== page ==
Preschool Activities and Objectives
|Climbing gym, slide, A-frames||Large muscle growth,
|Climbing, crawling, taking turns, pretending|
|Blocks||Concept development, dramatic play, construction skills||Hauling, building, jumping, stacking, dismantling|
|Sand or Sensory||Concept development, sensory experiences, dramatic play||Digging, sifting, pouring, smoothing, pretending|
|Play dough||Sensory awareness, release of tension, social experience||Rolling, pounding, squeezing, cutting; process not product|
|Easel paint||Creative expression, colors, mixing, manipulative skill||Individual technique need not be recognizable|
|Dramatic area||Dramatic and social play, pretend play of family, other roles||Cooking, serving, creating, caring for baby, phone talking|
|Creative||Sensory awarenessundefinedtexture, color, shape. Creative expression, manipulation of materials, coordination||Pasting paper, other materials, making shapes, coloring, cutting across paper|
|Table toys (trains, cars)||Small muscle development, coordination, visual discrimination||Using on table, returning to bins, manipulating|
|Large wheeled toys||Large muscle development, dramatic play, social skills||Riding, pushing, pulling, helping, taking turns|
|Water table||Concept development, sensory experience, tension release||Pouring, filling, emptying, blowing bubbles|
Enhancing Children’s Play
- Give children a five-minute warning before the end of each segment of play to remind and help them prepare for the change in activity.
- Talk to children about their play. If at a loss for words, describe what they are doing. “John is putting the train together.”
- Extend children’s attention and play by adding information that may give them a new idea of how to use the materials. “Would you like to try a smaller brush?” “Let’s look for some more cars to use.” “Shall we put some water in the sand?”
- Try to say something positive to each child in your area. Be specific and honest with your comments. Use the child’s name. “I like the picture you painted, John.” “Sally, I’m glad you’re at school today.”
- Ask children questions that will get them to think about the materials in a new way. “What do you think that animal wants to eat?” “Where will it sleep?” “What do you think he is thinking about?”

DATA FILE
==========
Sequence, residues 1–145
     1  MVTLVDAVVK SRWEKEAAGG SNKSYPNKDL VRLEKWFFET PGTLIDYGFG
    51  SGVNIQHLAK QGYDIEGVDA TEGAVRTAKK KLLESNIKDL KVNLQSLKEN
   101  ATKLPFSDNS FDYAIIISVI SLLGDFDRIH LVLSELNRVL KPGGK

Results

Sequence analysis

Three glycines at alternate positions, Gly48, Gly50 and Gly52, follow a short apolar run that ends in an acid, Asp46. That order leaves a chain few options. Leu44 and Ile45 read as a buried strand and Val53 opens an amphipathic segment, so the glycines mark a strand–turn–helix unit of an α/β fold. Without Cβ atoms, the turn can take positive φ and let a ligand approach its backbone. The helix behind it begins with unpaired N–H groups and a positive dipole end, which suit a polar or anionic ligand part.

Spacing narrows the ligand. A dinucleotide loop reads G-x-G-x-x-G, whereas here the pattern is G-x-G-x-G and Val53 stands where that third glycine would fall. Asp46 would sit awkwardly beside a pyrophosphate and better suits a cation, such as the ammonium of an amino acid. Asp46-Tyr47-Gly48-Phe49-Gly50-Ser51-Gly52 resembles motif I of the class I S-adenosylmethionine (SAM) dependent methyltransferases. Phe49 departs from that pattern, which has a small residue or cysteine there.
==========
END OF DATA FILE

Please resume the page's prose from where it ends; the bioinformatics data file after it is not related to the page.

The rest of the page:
- This is a great place for language and imagination interaction between parents and children and child to child.
- Children commonly see cooking in their homes. They want to replicate it and sometimes just a “Will you please make me a bowl of cereal and some fruit?” will be all they need to begin their imaginative journey. Other great interactive language can sound something like this: “Can you find any apples in this shopping cart?” “Is this a mushroom or an avocado?” “Should we bake cookies for our friends in class?”
- Each month the theme will also have a new focus for the children. It’s very helpful for parents to sit down with them and help them get the doctor’s or post carrier’s uniforms on. We are there to help and follow their lead.
- The babies in the dramatic area are a wonderful way to work with feeling issues. Does this baby look happy? Do you think this baby wants to go to the store?
- Sand is very important for young children. It gives them experiences with form, matter and sensory exploration.
- Encourage sifting, pouring, funneling and manipulating the sand. If there are too many toys, remove them.
- Change the texture by adding water to the sand. Children love to see how water changes the sand.
- Be clear about the sand table rules:
- No throwing sand
- Sand must be kept in table
- No one is allowed to crawl in the table
- To clean up area, sweep around the table and cover sand table with sheet. Swept sand should be thrown in the garbage. If you have time, sift out non-sand materials and throw them away.